• YIELD CURVE Finally, Treasuries play a huge role in the hedging activities of market participants. In environments of falling interest rates, many holders of mortgage-backed securities, for instance, have been hedging their prepayment risk by purchasing long-term Treasuries. These hedging purchases can play a big role in demand, helping to keep rates low, but the concern is that they may contribute to instability. Conclusion We have covered some of the key traditional factors associated with interest rate movements. On the supply side, monetary policy determines how much government debt and money are supplied into the economy. On the demand side, inflation expectations are the key factor. However, we have also discussed other important influences on interest CERCA DEL CLIENTE rates, including: fiscal policy (that is, how much does the government need to borrow?) and other demand-related factors such as economic growth and competitive currencies. Here is a summary chart of the different factors influencing interest rates: 40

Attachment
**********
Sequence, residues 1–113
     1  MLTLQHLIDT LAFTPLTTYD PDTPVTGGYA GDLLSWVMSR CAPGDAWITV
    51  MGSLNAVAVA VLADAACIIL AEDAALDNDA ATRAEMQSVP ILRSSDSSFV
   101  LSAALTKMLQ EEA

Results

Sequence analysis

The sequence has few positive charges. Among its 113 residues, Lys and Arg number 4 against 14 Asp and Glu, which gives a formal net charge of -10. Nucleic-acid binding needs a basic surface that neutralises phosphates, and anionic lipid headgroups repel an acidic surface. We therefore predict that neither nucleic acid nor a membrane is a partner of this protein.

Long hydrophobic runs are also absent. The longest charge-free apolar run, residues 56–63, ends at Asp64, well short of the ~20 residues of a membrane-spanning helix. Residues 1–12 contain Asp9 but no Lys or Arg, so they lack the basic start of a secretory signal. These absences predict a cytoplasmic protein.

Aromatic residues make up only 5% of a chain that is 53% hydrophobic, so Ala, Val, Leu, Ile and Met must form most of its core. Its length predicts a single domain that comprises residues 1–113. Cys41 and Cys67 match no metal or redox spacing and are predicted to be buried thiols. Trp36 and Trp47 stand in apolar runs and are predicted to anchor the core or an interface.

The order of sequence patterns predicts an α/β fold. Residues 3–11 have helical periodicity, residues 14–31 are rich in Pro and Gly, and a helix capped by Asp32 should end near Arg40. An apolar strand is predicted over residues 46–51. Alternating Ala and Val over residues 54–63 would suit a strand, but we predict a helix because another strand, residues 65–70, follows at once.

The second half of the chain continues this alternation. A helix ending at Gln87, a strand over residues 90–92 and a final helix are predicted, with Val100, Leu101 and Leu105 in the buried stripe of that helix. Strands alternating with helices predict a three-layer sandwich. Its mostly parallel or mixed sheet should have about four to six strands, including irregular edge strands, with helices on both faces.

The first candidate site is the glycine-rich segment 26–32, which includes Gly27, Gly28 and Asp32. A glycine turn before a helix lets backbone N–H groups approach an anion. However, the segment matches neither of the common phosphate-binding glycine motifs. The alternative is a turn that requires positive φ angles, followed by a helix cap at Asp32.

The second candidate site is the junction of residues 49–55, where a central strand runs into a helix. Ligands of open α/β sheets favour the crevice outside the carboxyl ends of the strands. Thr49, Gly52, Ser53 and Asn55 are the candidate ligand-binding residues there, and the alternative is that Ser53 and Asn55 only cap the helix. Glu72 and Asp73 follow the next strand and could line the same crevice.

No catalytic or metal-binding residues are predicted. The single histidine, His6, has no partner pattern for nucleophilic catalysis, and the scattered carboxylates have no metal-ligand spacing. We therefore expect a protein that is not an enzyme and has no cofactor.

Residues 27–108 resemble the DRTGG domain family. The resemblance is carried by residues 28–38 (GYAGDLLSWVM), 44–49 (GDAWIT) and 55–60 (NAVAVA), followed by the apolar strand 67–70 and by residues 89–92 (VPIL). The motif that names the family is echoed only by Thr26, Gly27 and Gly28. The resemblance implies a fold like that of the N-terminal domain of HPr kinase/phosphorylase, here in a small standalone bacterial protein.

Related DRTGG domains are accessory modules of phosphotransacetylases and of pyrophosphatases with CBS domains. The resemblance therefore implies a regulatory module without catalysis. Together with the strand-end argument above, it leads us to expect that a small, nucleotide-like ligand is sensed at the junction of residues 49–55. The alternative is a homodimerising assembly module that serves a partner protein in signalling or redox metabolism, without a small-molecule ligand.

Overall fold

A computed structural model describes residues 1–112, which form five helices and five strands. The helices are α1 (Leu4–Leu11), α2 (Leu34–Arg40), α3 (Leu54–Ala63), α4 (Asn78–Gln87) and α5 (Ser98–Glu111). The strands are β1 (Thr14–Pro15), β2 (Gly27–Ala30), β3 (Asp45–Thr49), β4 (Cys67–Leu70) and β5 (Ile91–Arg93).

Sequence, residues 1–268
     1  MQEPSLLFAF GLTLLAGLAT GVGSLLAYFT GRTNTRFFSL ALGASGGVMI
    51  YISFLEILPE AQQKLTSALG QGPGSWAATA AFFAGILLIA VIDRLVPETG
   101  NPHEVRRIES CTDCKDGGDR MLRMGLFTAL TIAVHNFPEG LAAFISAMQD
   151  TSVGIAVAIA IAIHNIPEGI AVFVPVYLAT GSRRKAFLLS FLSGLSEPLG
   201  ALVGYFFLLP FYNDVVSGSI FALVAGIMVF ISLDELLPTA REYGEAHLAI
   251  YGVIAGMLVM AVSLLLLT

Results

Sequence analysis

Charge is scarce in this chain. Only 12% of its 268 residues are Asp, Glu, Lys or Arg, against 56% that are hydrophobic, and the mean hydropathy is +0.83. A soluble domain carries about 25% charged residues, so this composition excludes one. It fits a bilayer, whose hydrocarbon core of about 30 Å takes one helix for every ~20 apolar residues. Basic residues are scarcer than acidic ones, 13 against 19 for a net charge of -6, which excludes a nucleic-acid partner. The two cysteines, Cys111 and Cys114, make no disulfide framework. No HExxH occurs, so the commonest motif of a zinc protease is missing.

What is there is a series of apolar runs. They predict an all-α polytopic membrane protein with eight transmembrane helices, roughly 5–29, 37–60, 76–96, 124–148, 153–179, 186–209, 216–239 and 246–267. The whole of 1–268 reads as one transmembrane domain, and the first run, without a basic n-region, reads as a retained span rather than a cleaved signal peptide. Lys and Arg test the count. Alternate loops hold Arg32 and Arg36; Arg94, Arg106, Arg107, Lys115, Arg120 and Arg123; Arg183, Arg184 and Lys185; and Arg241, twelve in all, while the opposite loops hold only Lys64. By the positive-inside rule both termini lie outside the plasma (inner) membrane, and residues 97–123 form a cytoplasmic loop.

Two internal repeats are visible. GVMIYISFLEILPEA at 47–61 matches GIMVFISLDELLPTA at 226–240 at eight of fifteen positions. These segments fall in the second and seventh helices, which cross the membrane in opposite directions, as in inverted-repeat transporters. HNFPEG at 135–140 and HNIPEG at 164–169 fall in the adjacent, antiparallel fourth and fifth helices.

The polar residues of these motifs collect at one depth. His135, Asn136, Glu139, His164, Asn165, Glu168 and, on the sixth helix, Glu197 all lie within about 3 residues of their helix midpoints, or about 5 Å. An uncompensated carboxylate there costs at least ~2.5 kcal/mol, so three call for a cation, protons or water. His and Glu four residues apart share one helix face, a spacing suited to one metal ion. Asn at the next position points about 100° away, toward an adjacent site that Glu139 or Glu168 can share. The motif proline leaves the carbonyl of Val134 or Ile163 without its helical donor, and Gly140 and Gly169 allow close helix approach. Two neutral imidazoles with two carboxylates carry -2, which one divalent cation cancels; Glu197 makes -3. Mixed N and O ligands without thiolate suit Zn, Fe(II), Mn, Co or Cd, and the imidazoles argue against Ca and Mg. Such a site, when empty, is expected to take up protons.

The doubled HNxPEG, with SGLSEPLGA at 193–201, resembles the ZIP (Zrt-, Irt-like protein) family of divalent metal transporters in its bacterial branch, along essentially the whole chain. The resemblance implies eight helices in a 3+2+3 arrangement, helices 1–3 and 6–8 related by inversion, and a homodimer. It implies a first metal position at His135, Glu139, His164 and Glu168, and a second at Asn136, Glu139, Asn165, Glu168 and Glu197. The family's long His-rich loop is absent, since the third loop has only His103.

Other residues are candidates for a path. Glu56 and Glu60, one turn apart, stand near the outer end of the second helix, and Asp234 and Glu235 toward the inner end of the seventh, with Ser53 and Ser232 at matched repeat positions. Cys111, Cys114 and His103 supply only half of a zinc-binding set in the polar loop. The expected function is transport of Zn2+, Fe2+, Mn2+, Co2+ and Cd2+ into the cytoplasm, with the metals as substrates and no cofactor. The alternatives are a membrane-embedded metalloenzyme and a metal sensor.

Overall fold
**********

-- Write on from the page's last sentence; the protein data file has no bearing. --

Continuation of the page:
• YIELD CURVE • 1.- Teoría pura de las expectativas de Fisher. Sostiene que la forma de la curva se debe exclusivamente a las expectativas de los inversores sobre los tipos de interés. La curva tipo - plazo tendrá pendiente positiva cuando los inversores anticipan tipos de interés crecientes, mientras que tendrán pendiente negativa en el caso contrario. Los tipos de interés a largo plazo serian un promedio entre el tipo de interés a corto plazo en el momento actual y los tipos a corto plazo que se esperan en el CERCA DEL CLIENTE futuro, siendo estos últimos predecibles por los tipos de interés "a plazo" o "forward" que existen actualmente en los mercados. • 2. Teoría de la preferencia por la liquidez de Hicks. Mantiene que en un mundo incierto los inversores tienen aversión al riesgo y por lo tanto, los títulos con mayor vencimiento incorporan una prima por riesgo, o bien una prima por perdida de liquidez, que esta incorporada a la rentabilidad. Estas primas crecientes invalida la teoría de Fisher, ya que los tipos forward implícitos en la curva serian predictores sesgados de los tipos futuros. • 3. Teoría de la segmentación de Mercados de Cullberston. Reformulada por Modigliani - Sutch es también conocida como teoría del hábitat preferido. Estos autores sostienen que los tipos de interés para un cierto vencimiento solamente están determinados por la oferta y la demanda de fondos con vencimientos concretos. Para cada vencimiento existirá un único mercado y los inversores solamente estarán dispuestos a invertir en aquellos vencimientos que obtengan significativas diferencias en la rentabilidad obtenida. De esta forma, seria las presiones institucionales y de inversión, con sus respectivas preferencias respecto a vencimientos concretos, los que determinan la curva tipo - plazo. 41